Capital-gains taxes hurt property sale, brokers say
Cobin, Harold F
The strength of the commercial real estate market in Westchester County is anywhere from robust to anemic, according to brokers.
“It’s been as good as it’s been in a long time,” says William Cuddy, who brokers Westchester properties from the Stamford, Conn., office of C.B. Richard Ellis Inc. I think the activity level has been strong, and some might suggest it’s even been robust.”
Cuddy says the acquisition of buildings in Westchester by major corporations for their headquarters have dramatically shifted the “supply-demand dynamic for large blocks of space,” which will inevitably drive up rents for such properties. He noted Kraft Foods’ relocation to Tarrytown, Nokia’s move to White Plains and Dannon’s to Tarrytown
Asked how he sees the commercial market shaping up over the next six months, Cuddy says “it’s real estate so anything can happen, but Westchester’s in a fairly healthy position.”
He also says near-term increases in interest rates will not impact sales of office buildings.
What is having an impart, says Lionel Markusfeld, is taxes on the sale of commercial properties, making it unprofitable to put them on the market.
For investment properties, “there’s a ton of buyers. There’s no property available,” says
Markusfeld of A.Q. Commercial Realty in Mamaroneck, who blames capitalgains taxes for making the prospect of selling a building unattractive.
“You can’t make the income that you can make keeping the property you (have),” says Markusfeld. “What in effect that does is make it so there isn’t a market. I mean a market is to be fluid – people buy and sell and move – but when tax rates go to where people can’t get enough money to reinvest, they’re not going to sell.”
Another problem is working under the scrutiny of local governments, says Markusfeld. “Municipalities in today’s world are very invasive on the ownership of property.”
In contrast to Cuddy’s lack of concern about rising interest rates, Carl Austin says that because of higher rates, “I think a lot of the sale activity that we’ve seen, the rush of it may slow I don’t think it’ll stop, but it may slow.”
With 38 years in the business, Austin of Austin Corporate Properties in Rye Brook, says smaller property investments are “still anemic” because the economy really hasn’t caught fire yet in rehiring across the board.
Austin says there seems to be a trend in companies jumping the border from Fairfield County in Connecticut into Westchester, which he attributes to a better spread of rental rates in Westchester.
Compared with Fairfield County what is available in Westchester at lower rates is very attractive in terms of the buildings, the floor plates, the environments,” Austin says.
Ken Harbour of Harbour Commercial Real Estate in Armonk sees a shortage of inventory for commercial properties in Westchester.
In general, the commercial real estate picture is pretty rosy from the standpoint of there being still a lot of dollars out them to buy property and not much on the market,” says Harbour.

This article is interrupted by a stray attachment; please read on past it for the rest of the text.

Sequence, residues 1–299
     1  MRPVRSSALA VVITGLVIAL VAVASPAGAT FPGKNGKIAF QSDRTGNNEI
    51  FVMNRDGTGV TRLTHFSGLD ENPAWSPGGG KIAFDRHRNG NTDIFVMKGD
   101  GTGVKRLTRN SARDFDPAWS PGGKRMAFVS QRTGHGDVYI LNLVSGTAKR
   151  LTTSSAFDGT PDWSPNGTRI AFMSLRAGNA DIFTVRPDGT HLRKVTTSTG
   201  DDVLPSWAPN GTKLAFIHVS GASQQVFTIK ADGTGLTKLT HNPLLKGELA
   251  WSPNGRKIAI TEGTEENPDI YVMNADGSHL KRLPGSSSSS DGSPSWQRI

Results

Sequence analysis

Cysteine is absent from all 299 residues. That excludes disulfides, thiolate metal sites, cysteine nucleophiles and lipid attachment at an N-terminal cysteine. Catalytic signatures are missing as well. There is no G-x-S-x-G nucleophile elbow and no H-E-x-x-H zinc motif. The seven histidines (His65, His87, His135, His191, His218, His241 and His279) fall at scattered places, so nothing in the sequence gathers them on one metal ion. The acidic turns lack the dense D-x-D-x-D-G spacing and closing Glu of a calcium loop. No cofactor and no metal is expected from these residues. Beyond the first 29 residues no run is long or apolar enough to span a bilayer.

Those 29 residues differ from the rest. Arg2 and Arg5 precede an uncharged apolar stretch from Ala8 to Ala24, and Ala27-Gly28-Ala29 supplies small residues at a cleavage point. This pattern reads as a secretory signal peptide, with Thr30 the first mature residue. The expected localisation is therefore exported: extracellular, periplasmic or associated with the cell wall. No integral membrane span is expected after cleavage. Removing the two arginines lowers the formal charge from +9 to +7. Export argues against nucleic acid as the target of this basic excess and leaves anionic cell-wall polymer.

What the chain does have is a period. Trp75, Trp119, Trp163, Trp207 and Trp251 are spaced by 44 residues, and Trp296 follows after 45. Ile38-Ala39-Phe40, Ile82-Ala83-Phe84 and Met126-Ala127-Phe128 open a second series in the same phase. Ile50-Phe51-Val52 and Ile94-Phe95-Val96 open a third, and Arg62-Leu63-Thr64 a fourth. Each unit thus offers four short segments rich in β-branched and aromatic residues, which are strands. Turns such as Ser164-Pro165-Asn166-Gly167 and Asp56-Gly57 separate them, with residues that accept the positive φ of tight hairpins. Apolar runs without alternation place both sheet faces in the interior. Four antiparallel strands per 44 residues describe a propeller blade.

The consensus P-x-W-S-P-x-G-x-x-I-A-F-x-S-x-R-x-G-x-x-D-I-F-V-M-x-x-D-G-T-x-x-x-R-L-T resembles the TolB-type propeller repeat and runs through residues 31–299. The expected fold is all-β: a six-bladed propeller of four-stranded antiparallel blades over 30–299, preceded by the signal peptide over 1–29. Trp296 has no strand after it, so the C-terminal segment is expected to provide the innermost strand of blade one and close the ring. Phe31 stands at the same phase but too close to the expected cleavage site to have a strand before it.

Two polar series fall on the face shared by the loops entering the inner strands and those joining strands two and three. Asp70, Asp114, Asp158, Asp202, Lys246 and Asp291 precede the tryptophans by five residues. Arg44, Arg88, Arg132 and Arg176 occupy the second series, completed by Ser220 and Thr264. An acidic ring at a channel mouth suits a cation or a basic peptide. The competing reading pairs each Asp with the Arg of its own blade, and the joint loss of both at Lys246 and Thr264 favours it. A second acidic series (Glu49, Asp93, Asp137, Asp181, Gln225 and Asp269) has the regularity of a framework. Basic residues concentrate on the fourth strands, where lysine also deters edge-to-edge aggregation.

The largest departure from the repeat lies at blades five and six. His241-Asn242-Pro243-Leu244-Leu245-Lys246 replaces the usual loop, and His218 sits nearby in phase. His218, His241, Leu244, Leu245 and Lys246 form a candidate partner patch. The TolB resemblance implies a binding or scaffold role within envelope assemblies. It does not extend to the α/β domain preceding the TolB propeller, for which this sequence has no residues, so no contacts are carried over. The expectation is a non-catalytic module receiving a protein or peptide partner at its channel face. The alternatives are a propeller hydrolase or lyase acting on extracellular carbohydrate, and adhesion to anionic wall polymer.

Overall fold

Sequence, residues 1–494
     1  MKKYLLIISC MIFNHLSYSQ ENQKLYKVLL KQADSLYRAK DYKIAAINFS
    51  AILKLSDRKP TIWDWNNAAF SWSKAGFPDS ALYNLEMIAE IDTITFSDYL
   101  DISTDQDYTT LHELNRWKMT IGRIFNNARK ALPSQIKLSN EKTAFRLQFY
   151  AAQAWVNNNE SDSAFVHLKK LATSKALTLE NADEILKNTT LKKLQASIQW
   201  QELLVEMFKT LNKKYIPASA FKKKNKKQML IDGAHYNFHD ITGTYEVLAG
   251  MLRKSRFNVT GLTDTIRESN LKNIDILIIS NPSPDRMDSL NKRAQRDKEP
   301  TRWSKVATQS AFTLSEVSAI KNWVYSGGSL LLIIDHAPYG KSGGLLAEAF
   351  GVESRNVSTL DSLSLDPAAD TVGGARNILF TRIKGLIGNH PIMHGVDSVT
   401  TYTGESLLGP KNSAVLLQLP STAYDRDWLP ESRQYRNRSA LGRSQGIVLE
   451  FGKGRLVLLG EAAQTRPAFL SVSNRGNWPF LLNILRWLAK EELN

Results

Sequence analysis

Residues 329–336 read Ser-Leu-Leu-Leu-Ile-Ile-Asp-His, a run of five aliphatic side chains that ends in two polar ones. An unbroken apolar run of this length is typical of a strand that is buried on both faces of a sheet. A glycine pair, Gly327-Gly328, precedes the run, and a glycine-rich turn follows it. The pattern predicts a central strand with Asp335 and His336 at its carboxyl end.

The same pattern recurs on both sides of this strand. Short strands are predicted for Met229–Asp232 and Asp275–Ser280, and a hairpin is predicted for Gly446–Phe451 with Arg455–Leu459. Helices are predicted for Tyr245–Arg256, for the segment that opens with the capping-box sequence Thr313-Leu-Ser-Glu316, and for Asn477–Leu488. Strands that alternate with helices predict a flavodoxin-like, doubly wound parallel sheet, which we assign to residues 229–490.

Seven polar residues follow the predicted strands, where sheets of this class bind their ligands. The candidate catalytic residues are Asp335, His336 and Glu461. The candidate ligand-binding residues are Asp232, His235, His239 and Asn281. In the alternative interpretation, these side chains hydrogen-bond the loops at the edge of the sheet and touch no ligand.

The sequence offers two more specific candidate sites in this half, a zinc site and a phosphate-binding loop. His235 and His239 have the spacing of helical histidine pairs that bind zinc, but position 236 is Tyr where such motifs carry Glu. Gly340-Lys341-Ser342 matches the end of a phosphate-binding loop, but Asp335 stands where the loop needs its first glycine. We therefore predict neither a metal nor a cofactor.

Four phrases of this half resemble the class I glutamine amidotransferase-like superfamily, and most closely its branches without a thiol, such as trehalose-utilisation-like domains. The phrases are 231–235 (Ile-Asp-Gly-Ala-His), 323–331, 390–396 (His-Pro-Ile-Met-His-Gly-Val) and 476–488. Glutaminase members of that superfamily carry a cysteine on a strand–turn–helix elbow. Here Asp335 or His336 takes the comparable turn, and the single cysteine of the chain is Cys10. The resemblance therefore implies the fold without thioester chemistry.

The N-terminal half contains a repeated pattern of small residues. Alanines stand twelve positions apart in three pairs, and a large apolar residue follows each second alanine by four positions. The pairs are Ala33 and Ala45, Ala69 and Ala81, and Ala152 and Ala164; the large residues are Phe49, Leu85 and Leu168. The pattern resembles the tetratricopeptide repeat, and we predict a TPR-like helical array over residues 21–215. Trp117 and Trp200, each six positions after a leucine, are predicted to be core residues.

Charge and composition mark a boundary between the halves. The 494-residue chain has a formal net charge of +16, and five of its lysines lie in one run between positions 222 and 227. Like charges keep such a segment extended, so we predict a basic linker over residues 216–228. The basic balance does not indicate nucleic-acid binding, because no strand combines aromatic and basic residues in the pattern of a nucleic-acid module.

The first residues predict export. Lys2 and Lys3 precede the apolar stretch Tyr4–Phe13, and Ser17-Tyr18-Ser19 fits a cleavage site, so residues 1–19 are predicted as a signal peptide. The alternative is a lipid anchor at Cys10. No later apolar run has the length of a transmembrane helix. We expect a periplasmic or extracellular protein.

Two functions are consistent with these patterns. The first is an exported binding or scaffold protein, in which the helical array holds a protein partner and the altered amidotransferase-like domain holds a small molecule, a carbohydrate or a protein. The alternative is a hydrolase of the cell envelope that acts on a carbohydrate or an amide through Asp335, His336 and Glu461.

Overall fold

At the same time, Harbour points to “an interesting phenomenon,” where prices on office buildings, particularly class A properties, are increasing along with vacancy rates.
“Usually there’s an inverse proportion, but they’re going together for some reason,” says Harbour.
He believes that in the short term, there is what he perceives to be a nonsubstantial net loss in total office space occupancy while more space is becoming available than can be absorbed.
Harbour also concurs with Markusfeld that the capital-gains tax discourages property sales, noting that after subtracting the tax from a sale, it’s difficult to purchase another property where you’ll break even.
Noting there was a time in the late 1980s where values of commercial property dropped about a third, Harbour says, “There is a certain sophisticated owner who’s saying prices are so high, rates of return are so low, I can’t afford to own this property anymore. Maybe it’s not going to be worth as much next year as it is this year.”
But he calls that argument a “very hard sell because, generally speaking, values keep increasing over time.”
Harbour says the likelihood of higher interest rates has “created a bit of urgency.”
People don’t want to get caught in the interest spiral,” says Harbour “Rather than lose the opportunity of cheap money, we try to make the deal today.”
As for companies moving from Farfield County to Westchester Harbour says there are reasons for them to do so, particularly from the Greenwich and Stamford market where rental rates have been particularly higher.
However, in real estate, location is a key factor.
Frankly, it’s hard to get a guy off East Putnam Avenue,” says Harbour, “’cause you know, there’s a certain character and lifestyle in Greenwich that we can’t really do in White Plains. It’s a whole different feeling.”
Copyright Westfair Communications Jul 12, 2004
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